Sharjah Municipality takes hard-line on cladding

New buildings to be denied completion certificate if they don’t have fire resistant cladding

Following an outbreak of fires across Sharjah, new buildings in the emirate will now only be approved by municipal inspectors if contractors can prove that exterior aluminium cladding will not catch fire.

According to a report by Dubai based daily newspaper, Gulf News, the Sharjah Municipality is taking a hard-line approach to the widespread application of non fire-rated cladding in the wake of two major tower fires in recent months.

Salah Butti, chairman of Sharjah Municipality’s Planning and Survey Department, said in a circular issued on April 29 that all contractors and consultants in Sharjah have been served with official notice that the rules have been changed significantly.

All cladding panels would have to be fire-proof and capable of withstanding intense heat for several hours, he said.

“All the consultants and contractors offices who are supervising multi-storey residence towers, which are under execution stage, should inform the general department of Civil Defence for the certification,” Butti wrote in his notice, “which proves that all the aluminium [tiles] used for the building facade on these buildings should be fire rated for a minimum of three hours.”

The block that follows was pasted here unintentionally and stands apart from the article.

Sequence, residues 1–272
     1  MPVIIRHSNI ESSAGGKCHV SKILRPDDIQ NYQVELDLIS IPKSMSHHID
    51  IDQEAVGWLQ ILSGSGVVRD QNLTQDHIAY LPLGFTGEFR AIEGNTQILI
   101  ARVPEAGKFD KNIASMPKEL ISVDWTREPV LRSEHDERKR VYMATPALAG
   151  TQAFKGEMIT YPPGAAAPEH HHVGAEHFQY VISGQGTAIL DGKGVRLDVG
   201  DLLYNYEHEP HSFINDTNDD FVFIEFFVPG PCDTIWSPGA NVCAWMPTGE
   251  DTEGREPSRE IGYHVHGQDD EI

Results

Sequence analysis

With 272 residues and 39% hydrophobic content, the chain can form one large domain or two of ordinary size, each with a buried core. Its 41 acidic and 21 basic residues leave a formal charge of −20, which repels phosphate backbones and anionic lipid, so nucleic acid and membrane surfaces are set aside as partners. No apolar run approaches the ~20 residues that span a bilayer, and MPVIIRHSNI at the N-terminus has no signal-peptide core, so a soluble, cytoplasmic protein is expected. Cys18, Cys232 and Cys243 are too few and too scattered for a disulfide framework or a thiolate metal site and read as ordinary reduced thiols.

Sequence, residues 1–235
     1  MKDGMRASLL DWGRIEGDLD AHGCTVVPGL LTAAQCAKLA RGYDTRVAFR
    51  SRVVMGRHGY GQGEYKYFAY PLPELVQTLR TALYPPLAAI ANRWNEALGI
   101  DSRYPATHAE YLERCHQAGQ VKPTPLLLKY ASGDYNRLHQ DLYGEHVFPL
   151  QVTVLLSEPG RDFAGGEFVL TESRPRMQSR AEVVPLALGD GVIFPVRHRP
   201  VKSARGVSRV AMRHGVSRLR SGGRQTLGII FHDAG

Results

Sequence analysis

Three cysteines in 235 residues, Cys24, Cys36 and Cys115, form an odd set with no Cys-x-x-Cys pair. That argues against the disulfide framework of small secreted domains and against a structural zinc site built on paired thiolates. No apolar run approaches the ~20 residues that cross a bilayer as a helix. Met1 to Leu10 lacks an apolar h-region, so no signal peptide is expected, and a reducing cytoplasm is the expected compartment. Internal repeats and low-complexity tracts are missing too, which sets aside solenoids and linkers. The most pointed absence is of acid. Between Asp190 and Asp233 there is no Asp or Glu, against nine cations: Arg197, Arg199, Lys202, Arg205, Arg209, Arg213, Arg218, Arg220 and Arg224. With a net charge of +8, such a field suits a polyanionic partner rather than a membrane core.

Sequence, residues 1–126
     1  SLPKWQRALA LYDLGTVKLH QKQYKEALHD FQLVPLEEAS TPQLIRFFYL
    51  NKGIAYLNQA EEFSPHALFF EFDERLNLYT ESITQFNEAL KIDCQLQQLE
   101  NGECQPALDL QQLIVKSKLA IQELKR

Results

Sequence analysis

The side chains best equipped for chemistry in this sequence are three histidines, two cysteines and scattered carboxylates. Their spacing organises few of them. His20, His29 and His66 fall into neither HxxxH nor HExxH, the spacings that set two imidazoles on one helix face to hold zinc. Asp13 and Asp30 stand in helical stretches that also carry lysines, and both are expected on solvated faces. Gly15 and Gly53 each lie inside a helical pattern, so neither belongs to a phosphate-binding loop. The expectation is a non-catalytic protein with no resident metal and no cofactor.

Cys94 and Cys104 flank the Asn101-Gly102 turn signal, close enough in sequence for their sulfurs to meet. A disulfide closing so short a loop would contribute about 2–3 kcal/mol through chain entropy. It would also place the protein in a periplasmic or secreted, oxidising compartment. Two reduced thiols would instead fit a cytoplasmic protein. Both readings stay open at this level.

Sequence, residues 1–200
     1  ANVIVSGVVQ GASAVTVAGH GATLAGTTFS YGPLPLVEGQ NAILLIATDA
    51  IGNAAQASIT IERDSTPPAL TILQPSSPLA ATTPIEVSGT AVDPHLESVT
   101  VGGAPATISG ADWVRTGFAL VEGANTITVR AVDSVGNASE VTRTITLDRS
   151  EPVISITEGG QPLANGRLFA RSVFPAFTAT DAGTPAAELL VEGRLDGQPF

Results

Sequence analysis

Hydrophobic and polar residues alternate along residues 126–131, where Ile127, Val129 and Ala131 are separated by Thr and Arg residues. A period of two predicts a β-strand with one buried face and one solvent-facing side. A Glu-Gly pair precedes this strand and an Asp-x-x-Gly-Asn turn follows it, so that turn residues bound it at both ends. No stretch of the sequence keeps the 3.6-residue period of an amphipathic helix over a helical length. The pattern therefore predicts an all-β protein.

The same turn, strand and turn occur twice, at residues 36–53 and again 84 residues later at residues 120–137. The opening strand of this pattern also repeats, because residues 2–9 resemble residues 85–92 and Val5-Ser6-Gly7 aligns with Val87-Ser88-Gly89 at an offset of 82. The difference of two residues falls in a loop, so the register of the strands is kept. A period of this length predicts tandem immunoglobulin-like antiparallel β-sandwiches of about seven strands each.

The new regulations have come into force after it was found that specific laws prohibiting the use of Low Density Polythene (LDPE) aluminium cladding tile did not exist.

Tests have shown that LDPE tiles can burn within eight minutes while fire-resistant panels have shown that they remain non-flammable under extreme conditions.

Sharjah has seen a spate of fire-related incidents that has prompted calls for an increase in fire safety measures. In January 2012, hundreds of residents were left homeless after the Al Baker Tower caught fire. Most recently, the Al Tayer Tower went up in flames in April, sparking wide spread concern over the safety of high rise buildings in the emirate.

Butti also said that contractors must prove beyond doubt that any tiles slated for installation must be accompanied by an ‘origin certificate and a conformity certificate’.  He emphasised that “Sharjah Municipality will not issue the completion certificate unless contractors complete these standard procedures.”


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